• A major example of this happened one time when no callers won when "Quickfire" was the phone-in game that day. Rather than admitting there were no winners, Endemol instead used the name of one of the show's production team members as a "Winner." This kind of movement in a game show is borderline Illegal in most countries.
    • This move was enough for the show to be axed permanently and Channel 5 to be fined £300,000 by Ofcom after the channel denied that they knew about the scam before they admitted irresponsibility.
  4. Although the show is an hour-long, it feels very padded and boring. This is, once again, due to the phone-in portion being obligatory and the fact that only two out of four contestants could play at a time (In the pre-2006 format).
  5. The puzzle games could easily be summoned up as "cliched" and "forgettable", pretty much the kind that can easily be played elsewhere in puzzle books or on websites.
    • "Crossfire" is just a crossword puzzle, nothing more to say there.
    • One of them - "Clued Up" is merely a pop-culture round that has very little to do with the show's premise at all.
  6. The soundtrack and sound effects mostly consist of really loud and annoying hums, beeps, buzzes, and pings.
  7. The presenters tended to be quite annoying and tend to talk forever about things that have no relation to the game.
    • Craig Stevens was easily the most annoying of the four and has a very obnoxious and cheesy feel, which at least one previous contestant mentioned on a YouTube upload of an episode.
    • Alex Lovell was passable but was severely overused within the end of the series' run, as she became the only presenter for the series.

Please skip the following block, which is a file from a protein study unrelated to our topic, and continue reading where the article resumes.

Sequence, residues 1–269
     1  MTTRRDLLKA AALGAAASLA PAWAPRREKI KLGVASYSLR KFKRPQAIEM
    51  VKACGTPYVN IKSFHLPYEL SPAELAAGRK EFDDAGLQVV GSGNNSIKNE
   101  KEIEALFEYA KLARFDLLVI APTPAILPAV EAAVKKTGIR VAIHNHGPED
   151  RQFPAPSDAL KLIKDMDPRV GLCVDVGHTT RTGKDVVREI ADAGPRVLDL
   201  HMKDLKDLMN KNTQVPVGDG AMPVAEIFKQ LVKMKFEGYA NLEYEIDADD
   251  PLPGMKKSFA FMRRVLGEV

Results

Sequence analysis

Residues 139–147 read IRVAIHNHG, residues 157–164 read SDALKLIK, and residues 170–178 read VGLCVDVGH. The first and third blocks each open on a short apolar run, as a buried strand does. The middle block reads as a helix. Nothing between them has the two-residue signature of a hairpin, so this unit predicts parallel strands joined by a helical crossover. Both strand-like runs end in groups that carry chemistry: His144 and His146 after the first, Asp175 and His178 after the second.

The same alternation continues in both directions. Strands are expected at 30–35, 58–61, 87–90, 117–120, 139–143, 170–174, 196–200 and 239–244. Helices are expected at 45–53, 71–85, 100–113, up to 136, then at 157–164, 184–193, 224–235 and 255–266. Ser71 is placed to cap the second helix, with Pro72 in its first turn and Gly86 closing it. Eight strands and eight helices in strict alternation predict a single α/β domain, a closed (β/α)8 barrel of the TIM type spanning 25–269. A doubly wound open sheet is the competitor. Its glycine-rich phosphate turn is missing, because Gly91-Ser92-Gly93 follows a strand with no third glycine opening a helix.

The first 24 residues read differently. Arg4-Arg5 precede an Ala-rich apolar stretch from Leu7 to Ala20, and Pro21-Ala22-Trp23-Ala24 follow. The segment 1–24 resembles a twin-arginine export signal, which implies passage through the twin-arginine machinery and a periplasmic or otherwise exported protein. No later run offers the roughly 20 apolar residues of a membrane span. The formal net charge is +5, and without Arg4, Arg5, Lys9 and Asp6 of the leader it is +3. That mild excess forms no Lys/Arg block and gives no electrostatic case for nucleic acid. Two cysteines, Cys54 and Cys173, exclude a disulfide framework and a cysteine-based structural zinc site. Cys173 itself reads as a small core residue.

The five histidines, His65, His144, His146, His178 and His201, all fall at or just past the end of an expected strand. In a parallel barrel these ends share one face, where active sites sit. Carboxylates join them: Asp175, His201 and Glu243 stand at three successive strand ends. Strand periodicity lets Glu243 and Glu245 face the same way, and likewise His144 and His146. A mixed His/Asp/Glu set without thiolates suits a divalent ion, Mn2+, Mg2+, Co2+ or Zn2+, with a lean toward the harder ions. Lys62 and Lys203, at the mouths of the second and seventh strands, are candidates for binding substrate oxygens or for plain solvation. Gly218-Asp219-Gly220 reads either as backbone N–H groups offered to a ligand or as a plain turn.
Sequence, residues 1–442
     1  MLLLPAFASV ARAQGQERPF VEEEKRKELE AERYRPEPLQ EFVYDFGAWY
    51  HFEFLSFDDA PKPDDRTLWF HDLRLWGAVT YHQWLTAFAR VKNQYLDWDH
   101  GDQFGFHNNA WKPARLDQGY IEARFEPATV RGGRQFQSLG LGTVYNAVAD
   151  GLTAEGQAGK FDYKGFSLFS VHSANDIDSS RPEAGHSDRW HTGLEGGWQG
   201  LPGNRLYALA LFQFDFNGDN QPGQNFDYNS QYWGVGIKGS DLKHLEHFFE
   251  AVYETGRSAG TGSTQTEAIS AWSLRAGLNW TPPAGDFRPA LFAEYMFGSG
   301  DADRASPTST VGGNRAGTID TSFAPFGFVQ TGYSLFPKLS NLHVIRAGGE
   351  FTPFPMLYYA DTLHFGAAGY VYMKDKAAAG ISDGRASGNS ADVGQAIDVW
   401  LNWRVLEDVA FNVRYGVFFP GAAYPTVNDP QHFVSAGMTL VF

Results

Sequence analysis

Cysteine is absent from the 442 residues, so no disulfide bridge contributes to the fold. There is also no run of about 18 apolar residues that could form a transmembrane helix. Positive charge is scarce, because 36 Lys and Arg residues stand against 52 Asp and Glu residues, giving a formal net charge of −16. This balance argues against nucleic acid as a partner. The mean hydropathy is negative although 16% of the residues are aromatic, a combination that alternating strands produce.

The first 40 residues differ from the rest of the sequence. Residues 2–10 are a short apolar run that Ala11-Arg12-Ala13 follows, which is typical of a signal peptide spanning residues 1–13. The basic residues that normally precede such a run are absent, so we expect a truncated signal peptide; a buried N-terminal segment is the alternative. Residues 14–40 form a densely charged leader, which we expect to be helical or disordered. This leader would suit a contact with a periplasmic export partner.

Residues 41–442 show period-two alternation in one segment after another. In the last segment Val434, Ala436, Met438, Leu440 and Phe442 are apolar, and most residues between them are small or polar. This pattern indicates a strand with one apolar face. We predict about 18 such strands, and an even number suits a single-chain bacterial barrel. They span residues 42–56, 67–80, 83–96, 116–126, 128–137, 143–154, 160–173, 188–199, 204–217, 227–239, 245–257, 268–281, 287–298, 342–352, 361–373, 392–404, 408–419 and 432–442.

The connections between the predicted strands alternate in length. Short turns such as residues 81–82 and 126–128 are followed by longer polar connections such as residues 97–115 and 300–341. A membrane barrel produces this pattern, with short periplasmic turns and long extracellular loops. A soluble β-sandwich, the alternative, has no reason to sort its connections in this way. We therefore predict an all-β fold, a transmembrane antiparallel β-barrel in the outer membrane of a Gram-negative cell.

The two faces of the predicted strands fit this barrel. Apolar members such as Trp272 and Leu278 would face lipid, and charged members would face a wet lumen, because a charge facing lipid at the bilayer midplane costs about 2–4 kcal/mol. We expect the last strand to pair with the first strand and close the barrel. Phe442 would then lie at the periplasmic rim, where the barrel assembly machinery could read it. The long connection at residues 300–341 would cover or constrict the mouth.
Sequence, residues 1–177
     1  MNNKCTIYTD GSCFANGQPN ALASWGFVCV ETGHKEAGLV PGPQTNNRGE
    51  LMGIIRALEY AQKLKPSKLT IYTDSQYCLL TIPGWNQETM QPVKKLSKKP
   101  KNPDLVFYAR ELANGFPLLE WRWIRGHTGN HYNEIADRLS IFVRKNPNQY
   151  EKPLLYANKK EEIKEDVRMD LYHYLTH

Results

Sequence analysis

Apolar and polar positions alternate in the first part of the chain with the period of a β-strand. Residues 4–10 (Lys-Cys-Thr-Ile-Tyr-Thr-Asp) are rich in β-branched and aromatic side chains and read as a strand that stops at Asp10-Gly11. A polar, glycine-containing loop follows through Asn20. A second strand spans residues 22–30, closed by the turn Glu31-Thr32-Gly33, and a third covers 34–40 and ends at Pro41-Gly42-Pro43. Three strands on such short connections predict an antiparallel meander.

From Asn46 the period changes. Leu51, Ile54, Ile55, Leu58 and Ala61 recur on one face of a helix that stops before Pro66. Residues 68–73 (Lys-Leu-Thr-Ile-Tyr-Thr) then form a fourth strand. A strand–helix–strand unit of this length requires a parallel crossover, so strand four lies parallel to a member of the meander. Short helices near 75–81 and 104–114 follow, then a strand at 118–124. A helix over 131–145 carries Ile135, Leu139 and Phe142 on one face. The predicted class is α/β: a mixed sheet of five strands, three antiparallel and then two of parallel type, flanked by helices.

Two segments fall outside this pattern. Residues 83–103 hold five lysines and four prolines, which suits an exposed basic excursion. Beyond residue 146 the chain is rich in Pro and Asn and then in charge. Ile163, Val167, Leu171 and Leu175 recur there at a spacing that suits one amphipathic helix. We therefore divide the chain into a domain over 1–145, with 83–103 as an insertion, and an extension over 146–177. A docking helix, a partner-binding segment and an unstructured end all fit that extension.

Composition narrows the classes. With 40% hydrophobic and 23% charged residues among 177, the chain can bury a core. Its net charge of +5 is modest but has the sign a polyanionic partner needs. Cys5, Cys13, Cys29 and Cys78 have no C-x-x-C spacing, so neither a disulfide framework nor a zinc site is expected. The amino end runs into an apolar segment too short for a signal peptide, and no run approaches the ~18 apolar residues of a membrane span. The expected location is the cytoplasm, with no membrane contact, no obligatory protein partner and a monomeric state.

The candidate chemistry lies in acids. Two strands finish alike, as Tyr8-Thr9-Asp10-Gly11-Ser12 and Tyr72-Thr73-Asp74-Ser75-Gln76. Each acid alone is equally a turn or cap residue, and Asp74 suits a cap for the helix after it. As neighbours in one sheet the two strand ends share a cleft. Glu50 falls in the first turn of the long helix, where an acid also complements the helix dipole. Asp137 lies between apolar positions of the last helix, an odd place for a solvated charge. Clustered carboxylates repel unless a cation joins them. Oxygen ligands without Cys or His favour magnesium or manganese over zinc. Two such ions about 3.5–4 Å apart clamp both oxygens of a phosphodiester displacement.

• In fact, they would sometimes forget rules or lines (even with their cue cards) as well, which is inexcusable for a live show.
      • According to when they reviewed one of the first few first episodes back in 2002, the presenter that day would constantly miss the cue for how long a word could be in one of the games, ending up with an accidental wrong answer.

Redeeming Qualities

  1. A game show where a different presenter presents every week is very interesting and gives the show some good personality (Until Alex Lovell became more prominent).
  2. The show's popularity allowed Endemol to open up a UK-based studio in Bristol and to bring their more popular formats like Deal Or No Deal and 1 vs. 100 to the United Kingdom.
  3. Some of the phone-in games did offer a reasonable top prize of £1,000.
  4. The set did increase in size by 2005, allowing for extra space.
  5. The Late-2006 revamp improved the show a bit, allowing for all four contestants to play at the same time and allowing for each of the games to be played in every episode.


  • Unlike most long-running British game shows, BrainTeaser has never been re-aired again after its cancellation, very likely due to the controversy. The only way to view episodes is through YouTube.
  • Since the show aired on weekdays with over 1122 episodes being produced for over 5 and a half years, a majority of the episodes are lost media.